Clinical Study | Open Access
Amit Sharma, Todd L. Teigeler, Martha Behnke, Adrian Cotterell, Robert Fisher, Anne King, Todd Gehr, Marc Posner, "The Mode of Pretransplant Dialysis Does Not Affect Postrenal Transplant Outcomes in African Americans", Journal of Transplantation, vol. 2012, Article ID 303596, 6 pages, 2012. https://doi.org/10.1155/2012/303596
The Mode of Pretransplant Dialysis Does Not Affect Postrenal Transplant Outcomes in African Americans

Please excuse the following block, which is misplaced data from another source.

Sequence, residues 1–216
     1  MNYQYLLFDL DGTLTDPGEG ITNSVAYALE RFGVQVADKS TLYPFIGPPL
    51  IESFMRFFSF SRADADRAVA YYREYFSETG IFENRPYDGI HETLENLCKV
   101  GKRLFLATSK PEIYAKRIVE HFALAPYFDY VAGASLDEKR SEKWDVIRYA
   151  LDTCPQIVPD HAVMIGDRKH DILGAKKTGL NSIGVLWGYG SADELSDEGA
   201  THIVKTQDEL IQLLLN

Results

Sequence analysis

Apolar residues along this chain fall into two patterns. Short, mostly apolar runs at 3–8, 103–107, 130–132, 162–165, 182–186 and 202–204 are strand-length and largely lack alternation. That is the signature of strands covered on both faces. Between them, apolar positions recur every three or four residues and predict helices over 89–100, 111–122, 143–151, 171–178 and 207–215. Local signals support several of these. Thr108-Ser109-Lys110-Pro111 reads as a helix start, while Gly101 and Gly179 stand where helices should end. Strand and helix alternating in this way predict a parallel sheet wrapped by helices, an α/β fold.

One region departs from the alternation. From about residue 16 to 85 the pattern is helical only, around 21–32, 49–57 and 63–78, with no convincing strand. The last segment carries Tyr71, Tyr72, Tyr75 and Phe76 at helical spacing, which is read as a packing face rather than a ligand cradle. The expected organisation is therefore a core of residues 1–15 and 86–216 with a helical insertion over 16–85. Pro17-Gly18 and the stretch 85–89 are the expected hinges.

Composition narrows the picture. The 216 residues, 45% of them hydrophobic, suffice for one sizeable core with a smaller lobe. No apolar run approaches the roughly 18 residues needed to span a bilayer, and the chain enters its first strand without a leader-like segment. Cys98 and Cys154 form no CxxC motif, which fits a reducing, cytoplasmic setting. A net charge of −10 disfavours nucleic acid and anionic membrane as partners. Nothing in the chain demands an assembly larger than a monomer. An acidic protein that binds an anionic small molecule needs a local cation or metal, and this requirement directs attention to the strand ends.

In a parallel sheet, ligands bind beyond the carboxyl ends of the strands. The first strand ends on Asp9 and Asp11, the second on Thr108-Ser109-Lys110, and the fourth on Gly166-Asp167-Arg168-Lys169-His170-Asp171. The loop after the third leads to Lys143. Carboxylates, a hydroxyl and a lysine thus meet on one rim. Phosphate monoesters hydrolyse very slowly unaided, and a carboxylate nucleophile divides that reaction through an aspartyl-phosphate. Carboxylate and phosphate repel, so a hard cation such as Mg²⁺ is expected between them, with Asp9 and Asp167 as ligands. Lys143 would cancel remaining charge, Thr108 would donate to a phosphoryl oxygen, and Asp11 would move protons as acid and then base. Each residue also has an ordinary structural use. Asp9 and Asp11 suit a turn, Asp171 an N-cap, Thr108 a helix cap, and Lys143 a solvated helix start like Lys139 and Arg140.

Background. In previous reports with a majority of Caucasian patients, peritoneal dialysis (PD) before kidney transplantation has been associated with poor outcomes and higher rates of graft thrombosis and infectious complications than hemodialysis (HD). We report our experience on the outcomes of prerenal transplant peritoneal dialysis in predominantly (73%) African American patient population. Methods. A retrospective data analysis of 401 kidney transplants performed at our center from 2000 to 2006 was performed. Adult recipients with at least three months of pretransplant HD or PD were included. Results. There were 339 patients on HD and 62 patients on PD. There was no difference in graft () and patient survival () at 1, 3, and 5-years. Patients on HD were more likely to experience delayed graft function than PD (38.8% versus 17.7%, ). There was no difference in the incidence of vascular thrombosis or posttransplant infectious complications. When only the African American patients in the two groups were compared, there were no differences in graft or patient survival. Conclusions. Pretransplant peritoneal dialysis is associated with excellent patient and renal allograft outcomes in African Americans and does not predispose them to an increased risk of infectious or thrombotic complications.